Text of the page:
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Pemberton News

Resolutions for a farm family

Farm Story
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This column is destined for the New Year's Eve edition of the paper, which offers this writer a golden opportunity to beef up the word count with a few hundred on resolutions for the coming year. Such a topic gift seems redundant I suppose, given the weather lately.

Really, it has been terribly interesting to observe, if somewhat puzzling to experience, the daily dose of weather: temperature fluctuations, droughts, deluges, storms and clearing trends. Soft duck poo, and hard duck poo. Frozen fingers, thawed fingers. Tires spinning in slick muck, tires spinning on ice, or stuck in a concrete ice rut. Rotting broccoli plants on the thawing compost heap, kale cracked from the stem and still good to go. Boot-deep slush puddles, ice-skating on picturesque lakes. These are a few of my favorite things so far this December.

I find that the topic of weather, improperly treated, threatens to bore us to tears, and as I am at loss as to how to avoid cliché I will make an abrupt and thankful departure to the tantalizing subject of my farm-related New Year's Resolutions.  

I resolve to try evaluating the viability of each of the 18 potato varieties we grow using charts and graphs showing as many stats as I can muster. At our next farm meeting I will propose dropping the two lowest scoring varieties. This decision will be based on steely analysis and I will find a way to measure emotional attachment.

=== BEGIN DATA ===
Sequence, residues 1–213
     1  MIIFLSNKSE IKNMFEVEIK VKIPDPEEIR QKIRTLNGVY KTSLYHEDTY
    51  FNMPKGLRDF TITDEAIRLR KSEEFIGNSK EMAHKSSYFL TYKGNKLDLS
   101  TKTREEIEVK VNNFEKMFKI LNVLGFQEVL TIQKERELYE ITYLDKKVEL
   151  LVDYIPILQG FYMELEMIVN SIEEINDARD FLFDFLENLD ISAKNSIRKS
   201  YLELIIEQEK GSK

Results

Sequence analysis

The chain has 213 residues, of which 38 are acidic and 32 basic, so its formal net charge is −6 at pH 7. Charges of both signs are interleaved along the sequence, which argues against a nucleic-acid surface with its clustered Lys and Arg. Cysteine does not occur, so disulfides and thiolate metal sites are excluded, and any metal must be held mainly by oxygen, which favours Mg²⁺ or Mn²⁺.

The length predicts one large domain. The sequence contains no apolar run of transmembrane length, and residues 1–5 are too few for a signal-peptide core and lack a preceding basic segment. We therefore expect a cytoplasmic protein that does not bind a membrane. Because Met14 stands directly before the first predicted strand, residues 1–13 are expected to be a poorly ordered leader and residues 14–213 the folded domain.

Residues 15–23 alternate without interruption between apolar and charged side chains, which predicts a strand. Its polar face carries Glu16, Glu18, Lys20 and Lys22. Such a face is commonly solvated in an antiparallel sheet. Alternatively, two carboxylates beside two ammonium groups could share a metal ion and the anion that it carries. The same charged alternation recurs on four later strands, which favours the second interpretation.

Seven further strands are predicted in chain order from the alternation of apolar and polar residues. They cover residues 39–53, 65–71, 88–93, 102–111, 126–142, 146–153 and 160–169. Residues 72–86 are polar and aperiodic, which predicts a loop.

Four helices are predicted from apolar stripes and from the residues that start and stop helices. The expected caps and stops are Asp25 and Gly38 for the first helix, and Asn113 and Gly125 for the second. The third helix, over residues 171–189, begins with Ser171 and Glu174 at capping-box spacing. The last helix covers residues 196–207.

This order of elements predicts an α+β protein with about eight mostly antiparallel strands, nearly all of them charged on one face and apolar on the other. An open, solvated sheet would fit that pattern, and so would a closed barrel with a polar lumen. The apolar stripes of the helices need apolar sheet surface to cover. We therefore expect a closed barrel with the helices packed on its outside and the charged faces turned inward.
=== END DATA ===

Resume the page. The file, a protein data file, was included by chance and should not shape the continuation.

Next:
I further resolve to plant the carrots only when I am completely satisfied with the soil conditions. As I should only be happy with that sort of thing if Dad too is happy, I will obviously need to work on it until he approves. He often approves once Mom gives the thumbs up so I will need to show her the field — and as Sister Jennie expects me to satisfy these above requirements, my way is clear. The mystery of why I decided that everything would be fine in the 2013 carrot patch despite misgivings from all parties remains unsolved, frankly puzzling and good reason to change topics again.

Let us then be drawn further into the riptide and move to the perilous yet irresistible exercise of proposing resolutions for everyone else. For example, I would like Dad to resolve to not ski anything too ridiculous until we have sold all the potatoes at market this spring. If you see him on The Ladder you must persuade him otherwise. He must make the 4 a.m. wake-up call every Saturday until March.

Mom might resolve to not encourage the momma ducks to bring off dozens of ducklings in multiple batches several times over starting in the spring, throughout the summer and into the fall. Families of two or three are all that is necessary. Some (ducks) even find satisfaction with the single offspring and I know some (ducks) who have eschewed reproduction entirely and they (the ducks) seem quite well adjusted.  

Sister Jennie would be well advised to consider a resolution involving the abstention from collecting any more pets to which she has severe allergies. Cats in particular spring to mind.

It is to be hoped that I did not imagine the glimmer of interest shown by sister-like Veronika when I mentioned the variety viability evaluation project and a resolution of support would perhaps get the job done.  

I am reluctant after-all to end 2013 on such a magnificently bossy note and so I will not do so. I will instead wish you all the very most Happy New Year, and thank you for reading.


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